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Built in 1907, Jackson Hall was the first building to appear on the Shreveport campus of Centenary College. From 1825-1906, Centenary--known as College of Louisiana until 1846--was located in Jackson, Louisiana, and Jackson Hall was named in honor of that site. The west wing of the old college's dormitory still stands on the original college grounds, now a state park.
Jackson Hall was designed to represent the colonial Georgian style and capture the contrasting red brick and white stone colors of the original buildings on the old campus, and these external features have been preserved through its various renovations. The building has, in fact, undergone several renovations over the years, the latest occurring in 1989. In 1941, a tornado severely damaged the Hall--completely removing its roof-- and when the building was restored the fourth story was omitted. A grand entrance was added to the front, or south side, however. Jackson Hall remains an attractive structure, vital to the mission of the college.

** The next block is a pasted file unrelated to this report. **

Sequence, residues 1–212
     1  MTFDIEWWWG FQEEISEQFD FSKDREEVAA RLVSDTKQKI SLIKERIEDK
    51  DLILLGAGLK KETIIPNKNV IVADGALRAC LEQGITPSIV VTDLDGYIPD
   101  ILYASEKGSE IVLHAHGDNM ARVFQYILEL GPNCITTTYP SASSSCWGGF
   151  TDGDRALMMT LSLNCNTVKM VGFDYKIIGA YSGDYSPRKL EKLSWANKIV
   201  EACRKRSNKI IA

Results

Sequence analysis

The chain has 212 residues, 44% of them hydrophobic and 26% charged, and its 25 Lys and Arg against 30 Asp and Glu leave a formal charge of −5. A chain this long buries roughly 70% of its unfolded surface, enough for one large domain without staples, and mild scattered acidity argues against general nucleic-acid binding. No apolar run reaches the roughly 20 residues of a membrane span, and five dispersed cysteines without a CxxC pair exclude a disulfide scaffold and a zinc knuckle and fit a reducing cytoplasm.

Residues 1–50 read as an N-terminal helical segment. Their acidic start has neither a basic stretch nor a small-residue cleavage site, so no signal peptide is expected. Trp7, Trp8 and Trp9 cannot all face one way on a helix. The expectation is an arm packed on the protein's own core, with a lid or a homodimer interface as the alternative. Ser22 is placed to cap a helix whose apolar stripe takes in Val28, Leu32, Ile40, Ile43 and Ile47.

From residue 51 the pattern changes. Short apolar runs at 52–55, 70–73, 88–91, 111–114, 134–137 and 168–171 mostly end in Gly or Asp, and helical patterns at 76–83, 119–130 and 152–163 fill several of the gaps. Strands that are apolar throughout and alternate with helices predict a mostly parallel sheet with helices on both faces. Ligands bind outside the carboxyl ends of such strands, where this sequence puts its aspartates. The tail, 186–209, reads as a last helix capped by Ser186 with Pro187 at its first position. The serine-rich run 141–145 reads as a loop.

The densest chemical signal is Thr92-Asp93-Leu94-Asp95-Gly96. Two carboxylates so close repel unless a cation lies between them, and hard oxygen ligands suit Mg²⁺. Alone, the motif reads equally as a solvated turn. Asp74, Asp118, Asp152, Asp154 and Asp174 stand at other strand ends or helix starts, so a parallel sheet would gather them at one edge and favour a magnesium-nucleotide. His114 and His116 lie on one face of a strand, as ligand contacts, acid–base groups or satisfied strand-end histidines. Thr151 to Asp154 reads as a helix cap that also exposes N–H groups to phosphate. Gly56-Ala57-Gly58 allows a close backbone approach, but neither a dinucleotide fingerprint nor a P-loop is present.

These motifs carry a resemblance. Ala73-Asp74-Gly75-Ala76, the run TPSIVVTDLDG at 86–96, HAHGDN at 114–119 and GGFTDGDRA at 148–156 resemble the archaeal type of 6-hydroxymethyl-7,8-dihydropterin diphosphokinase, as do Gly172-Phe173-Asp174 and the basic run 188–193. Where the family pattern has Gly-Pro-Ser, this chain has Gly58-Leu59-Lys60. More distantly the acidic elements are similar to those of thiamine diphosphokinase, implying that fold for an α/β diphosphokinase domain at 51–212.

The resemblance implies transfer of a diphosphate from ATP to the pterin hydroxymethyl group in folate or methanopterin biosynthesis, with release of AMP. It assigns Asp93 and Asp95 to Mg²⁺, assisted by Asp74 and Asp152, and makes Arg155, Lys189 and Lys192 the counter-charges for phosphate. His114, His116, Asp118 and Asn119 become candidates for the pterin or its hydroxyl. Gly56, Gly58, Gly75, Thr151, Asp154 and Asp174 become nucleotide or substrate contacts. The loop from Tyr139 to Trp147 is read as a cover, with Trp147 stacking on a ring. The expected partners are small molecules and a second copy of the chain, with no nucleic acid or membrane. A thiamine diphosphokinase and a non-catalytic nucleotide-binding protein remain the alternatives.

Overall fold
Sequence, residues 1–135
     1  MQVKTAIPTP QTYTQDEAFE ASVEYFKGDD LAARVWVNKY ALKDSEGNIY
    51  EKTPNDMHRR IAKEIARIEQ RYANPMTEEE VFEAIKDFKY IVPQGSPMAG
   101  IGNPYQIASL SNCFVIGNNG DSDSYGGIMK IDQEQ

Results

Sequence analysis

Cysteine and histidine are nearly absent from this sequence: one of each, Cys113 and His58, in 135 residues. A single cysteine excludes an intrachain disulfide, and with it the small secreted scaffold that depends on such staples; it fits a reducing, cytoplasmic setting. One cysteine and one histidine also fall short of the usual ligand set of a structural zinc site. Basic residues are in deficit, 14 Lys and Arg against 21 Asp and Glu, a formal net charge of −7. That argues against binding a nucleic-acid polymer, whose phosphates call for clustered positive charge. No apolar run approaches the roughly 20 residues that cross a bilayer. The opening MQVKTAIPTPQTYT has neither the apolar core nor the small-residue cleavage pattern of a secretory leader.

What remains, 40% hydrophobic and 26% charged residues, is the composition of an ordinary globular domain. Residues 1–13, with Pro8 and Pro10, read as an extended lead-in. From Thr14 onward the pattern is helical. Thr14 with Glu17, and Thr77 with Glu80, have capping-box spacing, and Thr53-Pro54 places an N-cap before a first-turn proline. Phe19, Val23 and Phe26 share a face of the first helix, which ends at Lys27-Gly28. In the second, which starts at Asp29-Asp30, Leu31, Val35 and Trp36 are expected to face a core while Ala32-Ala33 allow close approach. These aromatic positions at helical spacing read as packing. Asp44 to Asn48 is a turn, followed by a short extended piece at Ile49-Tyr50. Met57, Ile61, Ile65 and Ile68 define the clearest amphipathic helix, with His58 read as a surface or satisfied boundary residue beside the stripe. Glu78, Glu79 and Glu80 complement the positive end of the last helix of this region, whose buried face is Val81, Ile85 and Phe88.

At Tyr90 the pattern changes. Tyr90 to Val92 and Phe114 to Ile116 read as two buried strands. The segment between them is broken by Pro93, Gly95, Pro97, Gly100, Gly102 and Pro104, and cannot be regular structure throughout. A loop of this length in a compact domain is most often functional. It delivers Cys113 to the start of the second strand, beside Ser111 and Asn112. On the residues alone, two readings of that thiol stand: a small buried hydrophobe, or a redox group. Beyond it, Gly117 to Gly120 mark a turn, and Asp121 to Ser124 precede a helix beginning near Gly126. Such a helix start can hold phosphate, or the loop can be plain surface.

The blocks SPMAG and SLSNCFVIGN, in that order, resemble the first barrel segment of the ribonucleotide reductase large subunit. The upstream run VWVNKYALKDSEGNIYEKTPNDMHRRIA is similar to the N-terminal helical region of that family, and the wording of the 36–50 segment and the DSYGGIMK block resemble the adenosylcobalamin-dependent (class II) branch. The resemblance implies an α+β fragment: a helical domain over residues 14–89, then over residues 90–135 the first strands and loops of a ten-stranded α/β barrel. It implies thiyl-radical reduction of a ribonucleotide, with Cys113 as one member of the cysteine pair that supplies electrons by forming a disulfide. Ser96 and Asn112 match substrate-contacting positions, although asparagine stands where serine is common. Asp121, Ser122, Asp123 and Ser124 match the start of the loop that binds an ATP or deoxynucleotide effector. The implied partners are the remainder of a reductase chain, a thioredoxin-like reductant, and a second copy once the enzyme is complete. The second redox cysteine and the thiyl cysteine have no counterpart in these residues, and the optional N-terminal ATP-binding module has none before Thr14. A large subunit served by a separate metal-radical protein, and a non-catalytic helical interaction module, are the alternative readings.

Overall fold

The four story brick building has been home to virtually every form of collegiate operation over the years. For some period of time after the Arts and Sciences Building was constructed in 1925, Jackson Hall housed the Centenary Academy (prep school) along with the college business offices and dining hall. When the current library was built in 1963, the students celebrated the occasion by forming a book brigade that marched the library's contents from Jackson Hall to their new home. Currently the building houses classrooms and faculty offices for the departments of English, Foreign Languages, and Business. It has been equipped with the latest technology to serve as a language lab and audio-visual room, and it has two computer labs and remote satellite reception. Until fiber optic cable was installed in other buildings in 1999, Jackson Hall was both the oldest and most modern of campus structures. A small auditorium on the third floor has been the site where several contemporary authors and poets have addressed classes while visiting the campus: Elizabeth Spencer, Paul Auster, James Dicey, Allen Grinsberg, Ernest Gaines, Richard Wilbur, Anthony Hecht, and Eavan Boland.